Turning MiFID II pain into client gain
Turning MiFID II pain into client gain
If MiFID I was a singles tennis match MiFID II is the equivalent of a doubles game, but for many firms, still with only one player. The day-to-day workload increase under MiFID II has seen working hours move from 9 hours to 12 hours a day with the result that at first glance it may appear to generate little commercial value.
However, there are returns to be made by outplaying the competition. The bedding-in period post-3rd January is a point at which asset managers will be reviewing their relationships with dealers. Several elements – from more quantifiable best execution to a more formalised market structure – give impetus to a buy-side reassessment of their sell-side partnerships. Being a safe pair of hands during this period of disruption will allow a bank to cement existing and possibly new client relationships.
The attraction will be the quality of service provision. The challenge will be how to deliver outperformance while under duress. To achieve this sell-side firms need to move beyond staying in the game – which is hard enough – and getting into a position of competitive advantage, which is a real strain on operations.
Profiting from MiFID II
Buy-side clients know that trade and transaction reporting sits at the heart of their compliance process with MiFID II. Not only is reporting obligatory, but it also manifests the activity of gathering data that buy-side firms must be undergoing to measure best execution, investment decision making and pricing.
The capacity to support reporting is, therefore, a vital element of the client-dealer relationship. Connections that banks and brokers have established either as trading venues themselves or with third-party trading venues, directly impact their reporting obligations, the service level they can offer to customers and the costs of servicing customers. Given the importance of service and pricing in the post-MiFID II environment, making the right choice and then supporting that choice can make or break customer relationships.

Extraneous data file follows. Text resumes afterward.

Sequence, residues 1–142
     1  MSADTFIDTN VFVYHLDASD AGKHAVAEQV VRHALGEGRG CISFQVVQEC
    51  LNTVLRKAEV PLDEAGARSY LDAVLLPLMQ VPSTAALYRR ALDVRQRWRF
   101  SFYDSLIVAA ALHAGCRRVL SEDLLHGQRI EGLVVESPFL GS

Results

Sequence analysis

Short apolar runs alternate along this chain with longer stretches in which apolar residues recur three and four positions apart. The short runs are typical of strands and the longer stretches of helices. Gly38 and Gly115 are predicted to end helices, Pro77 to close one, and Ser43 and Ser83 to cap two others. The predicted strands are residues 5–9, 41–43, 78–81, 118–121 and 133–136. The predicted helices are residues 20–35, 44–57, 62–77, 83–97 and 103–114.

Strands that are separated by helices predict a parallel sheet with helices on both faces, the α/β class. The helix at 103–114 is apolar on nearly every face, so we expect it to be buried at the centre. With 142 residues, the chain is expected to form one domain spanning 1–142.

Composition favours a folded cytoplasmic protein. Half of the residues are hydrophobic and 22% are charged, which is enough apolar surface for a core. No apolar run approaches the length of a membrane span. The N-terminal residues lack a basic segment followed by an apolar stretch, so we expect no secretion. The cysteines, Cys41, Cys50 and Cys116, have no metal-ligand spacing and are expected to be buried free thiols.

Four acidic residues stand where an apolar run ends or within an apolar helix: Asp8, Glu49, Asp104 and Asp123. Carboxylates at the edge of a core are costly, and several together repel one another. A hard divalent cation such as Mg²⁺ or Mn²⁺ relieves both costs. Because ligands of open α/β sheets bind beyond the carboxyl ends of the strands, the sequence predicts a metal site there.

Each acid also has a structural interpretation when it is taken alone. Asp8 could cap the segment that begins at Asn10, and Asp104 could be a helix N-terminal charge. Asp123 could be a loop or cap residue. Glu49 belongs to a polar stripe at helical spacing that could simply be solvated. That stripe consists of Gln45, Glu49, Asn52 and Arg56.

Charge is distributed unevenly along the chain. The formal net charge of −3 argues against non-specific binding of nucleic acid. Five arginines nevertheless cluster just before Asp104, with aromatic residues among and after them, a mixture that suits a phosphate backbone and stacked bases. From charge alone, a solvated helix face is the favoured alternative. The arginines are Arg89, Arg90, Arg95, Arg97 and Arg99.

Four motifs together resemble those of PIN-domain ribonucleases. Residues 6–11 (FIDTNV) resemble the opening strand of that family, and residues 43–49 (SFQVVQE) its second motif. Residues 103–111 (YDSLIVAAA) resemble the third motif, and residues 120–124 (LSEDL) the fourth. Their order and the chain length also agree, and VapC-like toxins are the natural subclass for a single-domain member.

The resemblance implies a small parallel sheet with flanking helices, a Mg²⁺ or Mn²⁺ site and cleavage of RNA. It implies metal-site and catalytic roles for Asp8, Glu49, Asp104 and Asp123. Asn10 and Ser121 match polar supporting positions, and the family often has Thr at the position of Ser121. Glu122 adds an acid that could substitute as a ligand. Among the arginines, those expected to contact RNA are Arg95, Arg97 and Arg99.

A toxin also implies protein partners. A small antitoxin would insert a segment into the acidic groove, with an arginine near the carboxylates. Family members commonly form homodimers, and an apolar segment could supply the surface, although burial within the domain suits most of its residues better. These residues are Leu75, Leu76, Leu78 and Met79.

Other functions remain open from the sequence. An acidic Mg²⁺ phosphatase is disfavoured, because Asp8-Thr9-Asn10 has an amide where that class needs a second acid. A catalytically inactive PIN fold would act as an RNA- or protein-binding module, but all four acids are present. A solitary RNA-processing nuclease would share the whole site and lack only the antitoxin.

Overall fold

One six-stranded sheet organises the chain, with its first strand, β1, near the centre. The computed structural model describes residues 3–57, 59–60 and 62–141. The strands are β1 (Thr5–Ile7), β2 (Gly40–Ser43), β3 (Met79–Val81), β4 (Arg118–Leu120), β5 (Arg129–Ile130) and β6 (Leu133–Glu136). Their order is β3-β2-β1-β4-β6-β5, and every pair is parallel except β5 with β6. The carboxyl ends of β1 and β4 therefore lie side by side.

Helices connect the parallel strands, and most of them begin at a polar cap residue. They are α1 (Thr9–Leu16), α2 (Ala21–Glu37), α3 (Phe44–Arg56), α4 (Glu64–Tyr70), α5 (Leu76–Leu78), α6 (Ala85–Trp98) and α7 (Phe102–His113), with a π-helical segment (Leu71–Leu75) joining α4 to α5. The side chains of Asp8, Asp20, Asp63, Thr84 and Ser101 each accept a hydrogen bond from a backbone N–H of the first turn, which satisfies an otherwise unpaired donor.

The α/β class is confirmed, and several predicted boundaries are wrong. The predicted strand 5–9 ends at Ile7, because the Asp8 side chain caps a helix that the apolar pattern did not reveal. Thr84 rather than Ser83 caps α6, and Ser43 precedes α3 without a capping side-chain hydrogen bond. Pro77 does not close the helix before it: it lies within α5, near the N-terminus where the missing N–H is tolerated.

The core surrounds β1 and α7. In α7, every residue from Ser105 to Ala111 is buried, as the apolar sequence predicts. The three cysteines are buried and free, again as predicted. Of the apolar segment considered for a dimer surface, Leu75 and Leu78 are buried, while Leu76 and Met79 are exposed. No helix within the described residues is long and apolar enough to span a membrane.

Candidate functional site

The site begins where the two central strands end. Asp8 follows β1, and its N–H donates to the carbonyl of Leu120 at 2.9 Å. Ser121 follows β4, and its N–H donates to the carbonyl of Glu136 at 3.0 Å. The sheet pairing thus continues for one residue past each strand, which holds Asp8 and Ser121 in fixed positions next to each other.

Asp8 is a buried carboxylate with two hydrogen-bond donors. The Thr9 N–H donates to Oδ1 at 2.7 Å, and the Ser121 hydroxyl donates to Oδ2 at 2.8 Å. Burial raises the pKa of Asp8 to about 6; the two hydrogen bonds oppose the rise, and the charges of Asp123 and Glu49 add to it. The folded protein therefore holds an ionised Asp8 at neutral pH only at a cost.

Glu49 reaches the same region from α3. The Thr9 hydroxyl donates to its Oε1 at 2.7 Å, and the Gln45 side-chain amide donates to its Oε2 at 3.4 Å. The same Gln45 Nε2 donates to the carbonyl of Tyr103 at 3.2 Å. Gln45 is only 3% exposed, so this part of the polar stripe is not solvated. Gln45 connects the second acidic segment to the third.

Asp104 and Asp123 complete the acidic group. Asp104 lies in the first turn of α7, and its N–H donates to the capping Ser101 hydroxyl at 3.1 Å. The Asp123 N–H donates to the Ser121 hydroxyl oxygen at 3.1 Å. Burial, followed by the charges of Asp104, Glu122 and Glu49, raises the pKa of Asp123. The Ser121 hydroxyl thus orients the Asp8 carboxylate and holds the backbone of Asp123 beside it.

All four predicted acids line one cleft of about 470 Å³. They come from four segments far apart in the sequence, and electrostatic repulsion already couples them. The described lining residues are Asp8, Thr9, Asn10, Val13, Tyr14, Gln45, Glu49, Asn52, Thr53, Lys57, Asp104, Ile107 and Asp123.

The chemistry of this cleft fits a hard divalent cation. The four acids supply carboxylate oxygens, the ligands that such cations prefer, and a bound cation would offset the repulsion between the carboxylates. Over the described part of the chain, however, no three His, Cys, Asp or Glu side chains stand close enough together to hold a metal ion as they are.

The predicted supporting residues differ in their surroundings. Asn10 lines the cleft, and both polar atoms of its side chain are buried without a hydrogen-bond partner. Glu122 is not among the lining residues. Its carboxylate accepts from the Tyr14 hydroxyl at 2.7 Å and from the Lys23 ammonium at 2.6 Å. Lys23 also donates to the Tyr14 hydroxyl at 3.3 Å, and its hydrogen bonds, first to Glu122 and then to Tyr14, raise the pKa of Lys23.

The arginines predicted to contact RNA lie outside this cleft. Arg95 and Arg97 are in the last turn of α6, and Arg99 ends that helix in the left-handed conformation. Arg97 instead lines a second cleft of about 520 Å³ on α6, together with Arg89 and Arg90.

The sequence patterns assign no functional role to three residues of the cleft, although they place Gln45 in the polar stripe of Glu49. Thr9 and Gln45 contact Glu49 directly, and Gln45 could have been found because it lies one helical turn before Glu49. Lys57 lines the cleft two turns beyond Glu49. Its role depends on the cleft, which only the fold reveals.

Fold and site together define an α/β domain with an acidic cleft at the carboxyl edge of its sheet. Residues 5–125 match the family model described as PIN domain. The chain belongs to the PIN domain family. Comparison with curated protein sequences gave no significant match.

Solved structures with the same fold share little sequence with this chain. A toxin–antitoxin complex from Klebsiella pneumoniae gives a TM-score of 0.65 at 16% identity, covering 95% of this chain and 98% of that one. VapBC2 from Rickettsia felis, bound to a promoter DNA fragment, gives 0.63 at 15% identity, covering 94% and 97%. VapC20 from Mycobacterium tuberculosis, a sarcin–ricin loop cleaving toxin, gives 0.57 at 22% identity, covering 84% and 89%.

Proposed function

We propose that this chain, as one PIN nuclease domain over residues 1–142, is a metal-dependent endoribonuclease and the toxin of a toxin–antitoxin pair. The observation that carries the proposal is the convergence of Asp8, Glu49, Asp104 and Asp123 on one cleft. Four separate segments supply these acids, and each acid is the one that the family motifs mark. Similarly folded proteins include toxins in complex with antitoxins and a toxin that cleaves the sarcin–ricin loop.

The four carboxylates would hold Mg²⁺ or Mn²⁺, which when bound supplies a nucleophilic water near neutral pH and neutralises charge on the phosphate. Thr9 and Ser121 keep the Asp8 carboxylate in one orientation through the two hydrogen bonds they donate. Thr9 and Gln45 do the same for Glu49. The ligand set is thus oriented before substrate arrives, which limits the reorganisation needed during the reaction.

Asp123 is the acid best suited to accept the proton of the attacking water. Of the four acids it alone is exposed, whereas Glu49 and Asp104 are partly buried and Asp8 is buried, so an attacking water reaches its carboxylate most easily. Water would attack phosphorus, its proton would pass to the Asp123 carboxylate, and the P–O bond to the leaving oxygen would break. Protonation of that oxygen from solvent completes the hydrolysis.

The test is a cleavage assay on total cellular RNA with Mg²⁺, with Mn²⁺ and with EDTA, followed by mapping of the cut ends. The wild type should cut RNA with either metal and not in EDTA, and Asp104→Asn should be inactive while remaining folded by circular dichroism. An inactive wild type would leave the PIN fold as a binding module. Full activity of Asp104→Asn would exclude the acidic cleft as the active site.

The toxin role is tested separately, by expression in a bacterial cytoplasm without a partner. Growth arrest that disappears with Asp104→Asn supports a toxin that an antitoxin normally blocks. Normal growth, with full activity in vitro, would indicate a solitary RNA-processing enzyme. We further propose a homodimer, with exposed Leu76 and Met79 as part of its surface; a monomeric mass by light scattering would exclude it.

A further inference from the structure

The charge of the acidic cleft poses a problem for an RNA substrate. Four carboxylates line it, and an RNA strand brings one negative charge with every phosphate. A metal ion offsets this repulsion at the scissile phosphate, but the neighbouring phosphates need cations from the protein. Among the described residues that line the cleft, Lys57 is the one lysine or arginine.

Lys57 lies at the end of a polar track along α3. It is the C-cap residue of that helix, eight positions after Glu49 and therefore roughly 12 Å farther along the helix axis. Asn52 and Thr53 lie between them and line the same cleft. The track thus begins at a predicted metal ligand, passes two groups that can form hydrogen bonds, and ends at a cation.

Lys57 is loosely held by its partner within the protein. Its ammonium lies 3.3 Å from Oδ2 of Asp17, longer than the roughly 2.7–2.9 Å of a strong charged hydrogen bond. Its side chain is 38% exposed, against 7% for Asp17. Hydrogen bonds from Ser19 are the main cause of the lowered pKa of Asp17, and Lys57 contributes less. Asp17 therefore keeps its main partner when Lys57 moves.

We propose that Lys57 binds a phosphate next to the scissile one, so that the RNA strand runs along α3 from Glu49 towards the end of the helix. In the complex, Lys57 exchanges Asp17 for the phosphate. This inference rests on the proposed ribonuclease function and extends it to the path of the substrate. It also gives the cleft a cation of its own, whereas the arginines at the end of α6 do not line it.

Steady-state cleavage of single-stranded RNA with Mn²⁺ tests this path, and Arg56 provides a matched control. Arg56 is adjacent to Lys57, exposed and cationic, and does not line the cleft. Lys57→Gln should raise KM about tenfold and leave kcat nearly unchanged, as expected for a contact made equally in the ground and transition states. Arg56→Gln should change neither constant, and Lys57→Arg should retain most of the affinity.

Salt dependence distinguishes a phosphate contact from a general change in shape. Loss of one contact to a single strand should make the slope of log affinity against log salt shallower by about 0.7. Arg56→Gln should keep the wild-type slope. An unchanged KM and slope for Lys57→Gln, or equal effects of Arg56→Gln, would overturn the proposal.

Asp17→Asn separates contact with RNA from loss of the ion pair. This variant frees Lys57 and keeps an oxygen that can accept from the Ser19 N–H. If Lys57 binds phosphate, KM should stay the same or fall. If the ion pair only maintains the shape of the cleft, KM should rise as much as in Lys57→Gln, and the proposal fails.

However, banks and brokers themselves often struggle to field the right resources in supporting MiFID II reporting obligations because those resources are tied up in silos and/or the levels of reporting and servicing are putting a strain on legacy systems. Business is data hungry, but data is not always accessible.
The European and Securities Market Authority explicitly acknowledged the challenges firms have had in reporting when it announced the delay to dark pool caps. It stated, “trading venues only had limited time to compute and submit all data as the relevant reporting period only closed on 31 December 2017 and the data had to reach ESMA by close of business on 5 January 2018.”
Several of the approved reporting mechanisms (ARMs) and approved publication arrangements (APAs) have struggled to deliver the service they promised at the outset and led their users to assess alternative providers. However, the onboarding for a new reporting platform is neither easy or quick.
Simply better service
To offer the right level of service, brokers have to leverage their whole organisation for clients, as efficiently as possible to minimise cost. That requires several elements: flexibility, efficient aggregation, data security, and scalability. There are three levels at which the problem needs to be tackled: improved services provision, the technical complexity of providing that, and the cost model to support it.
The first point is to offer a reliable and scalable service; this has to be based upon automated processing of data, so the risks inherent in manual processing and the ‘sticking plaster’ model of tying together point solutions are mitigated. A cloud-based offering allows the service to build out with client demand.
Secondly, the technical challenge is to collect a significant amount of data from multiple sources, which is normalised to provide a single picture post-trade. It connects with multiple trading systems to deliver STP and in doing so removes the cost and complexity of managing multiple interfaces. It is also designed to be flexible so future obligations can be easily accommodated without requiring the system to be re-engineered. At this point, the speed of deployment will be of the essence.
Third, the cost of deployment has to reduce the total cost of ownership for systems to drive down operational expenditure. Mutualising the cost of ownership between a group of users allows superior service, while cloud deployment not only supports the one-to-many support model, it also reduces deployment costs.
MiFID II is an opportunity. The buy side is looking to its sell-side partners for support. Despite the sense of burden the rules impose, working with the right support can allow banks and brokers to move from the back foot to the front foot. To achieve this, dealers need to consider purpose-built systems and holistic solutions that can support future changes to rules and allow mutualisation to manage their cost base. In stepping up to the net with a new partner, they can start competing with a significant advantage.